Dear Mom and Dad,
All my life, hope has driven me, hope has saved me, and hope has led to me where I am in my life today.
However, my story starts before I was even born – it begins at a time where there didn’t seem like there would be a whole lot of hope. In 1991, a fifteen-year-old high school student, who worked at a Burger King in Houston, Texas, found herself pregnant. The father was older and involved with gangs and drugs. Money was tight, as this teenager couldn’t afford basic needs for herself, let alone a child.
After three months of trying to raise her baby, she made a courageous decision to give her baby up for adoption. That baby was me.
When both of you came to meet me, I was about seven months old and in foster care in a rough area in Houston. You drove hours from Plano, Texas, a suburb of Dallas. As soon as I saw you, I crawled up to you and put my arms in the air as though I wanted you to pick me up. That is the moment you two knew that I was your son, and you decided to adopt me.
This was the moment I began to find hope.
From the very beginning, you put my well-being first. You were extremely attentive and proactive parents, giving me the hope that I could accomplish anything in life.
Mom, research told you that children separated from their birth mothers at an early age often become social introverts. So, every single day you sat me on your lap and read to me for hours and hours. By the time I was a toddler, I talked non-stop and made friends with everyone.
When I was a kid, I had an idea book where I wrote down inventions and experiments that interested me. One day, I devised a plan to build a hovercraft. I shared it with kids at school, and they made fun of me. When I told you, Dad, about my idea, you said, “show me.”
Together, we spent hours building this makeshift hovercraft in the garage, using a leaf blower and some parts we found on google. Although it didn’t get very high off the ground, we both felt so much pride when our family took it for a spin around the garage for its maiden voyage.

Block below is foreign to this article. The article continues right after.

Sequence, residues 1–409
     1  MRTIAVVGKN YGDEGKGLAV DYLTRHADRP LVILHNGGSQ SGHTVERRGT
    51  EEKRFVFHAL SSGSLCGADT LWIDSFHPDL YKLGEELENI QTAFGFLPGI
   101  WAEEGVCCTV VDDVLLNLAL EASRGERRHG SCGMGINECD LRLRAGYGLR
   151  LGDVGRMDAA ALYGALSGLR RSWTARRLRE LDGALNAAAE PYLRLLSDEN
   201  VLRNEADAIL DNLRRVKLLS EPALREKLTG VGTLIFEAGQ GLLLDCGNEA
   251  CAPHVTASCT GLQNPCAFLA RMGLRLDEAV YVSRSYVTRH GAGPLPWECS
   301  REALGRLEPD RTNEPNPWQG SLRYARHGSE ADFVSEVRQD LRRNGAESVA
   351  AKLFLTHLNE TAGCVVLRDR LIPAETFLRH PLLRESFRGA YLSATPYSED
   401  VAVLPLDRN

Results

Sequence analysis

However, life wasn’t always that simple.
In middle school, I began to realize people looked at me differently – not just because I am your only adopted child, but also because I am mixed race. Kids teased me and strangers stared at me, But you always treated me like I belonged and told me you loved me. Whether it was meeting with other kids’ parents or walking me to the bathroom in a restaurant, you did whatever you could to protect me from the hate that exists in this world.
Mom, Dad, you gave me hope that I could rise above ignorance.
In college, I began to recognize how lucky I was to have so much hope in my life. For undergrad, I went to Sam Houston State, where I majored in pre-law criminal justice. My college was in Huntsville, Texas. There are eight state prisons in Huntsville, including one which possibly housed my birth father. The prisons there interacted with my school’s criminal justice program. We got a frontline view of what happens to young people and violent offenders who end up in jail. Many of the inmates come from areas like the one where I was born. I couldn’t help but think that if you hadn’t adopted me I could have been coming to Huntsville for prison instead of college.
As an adult, I never wanted to take the hope you gave me for granted,
After I graduated from Sam Houston State, I took a commission in the Army Reserve. I went to graduate school at Arizona State University, where I got a master’s degree in construction management. Then, I was fortunate enough to get accepted to both Case Western for an MBA in finance and Harvard Business School for a fellowship in executive education in negotiation mastery and finance.
Now, I own and manage apartments in Cleveland, Ohio. My mission moving forward is to go to underserved neighborhoods – neighborhoods like the one where I was born – and renovate the apartments. I want children who aren’t as lucky as I was as a kid to at least have a home where they can learn and grow and feel secure.
I want to share a small piece of the hope you provided me with these children.
It’s a bit cliche, but I genuinely owe every opportunity I have had in life to you and I am incredibly proud to be your son. No matter what, you have always had my back and my best interest at heart. You instilled in me the strength to never give up in life and I never will because I know I always have hope – I know that I always have you.
Mom, Dad, your love IS my hope.
Thank you for my life. I love you.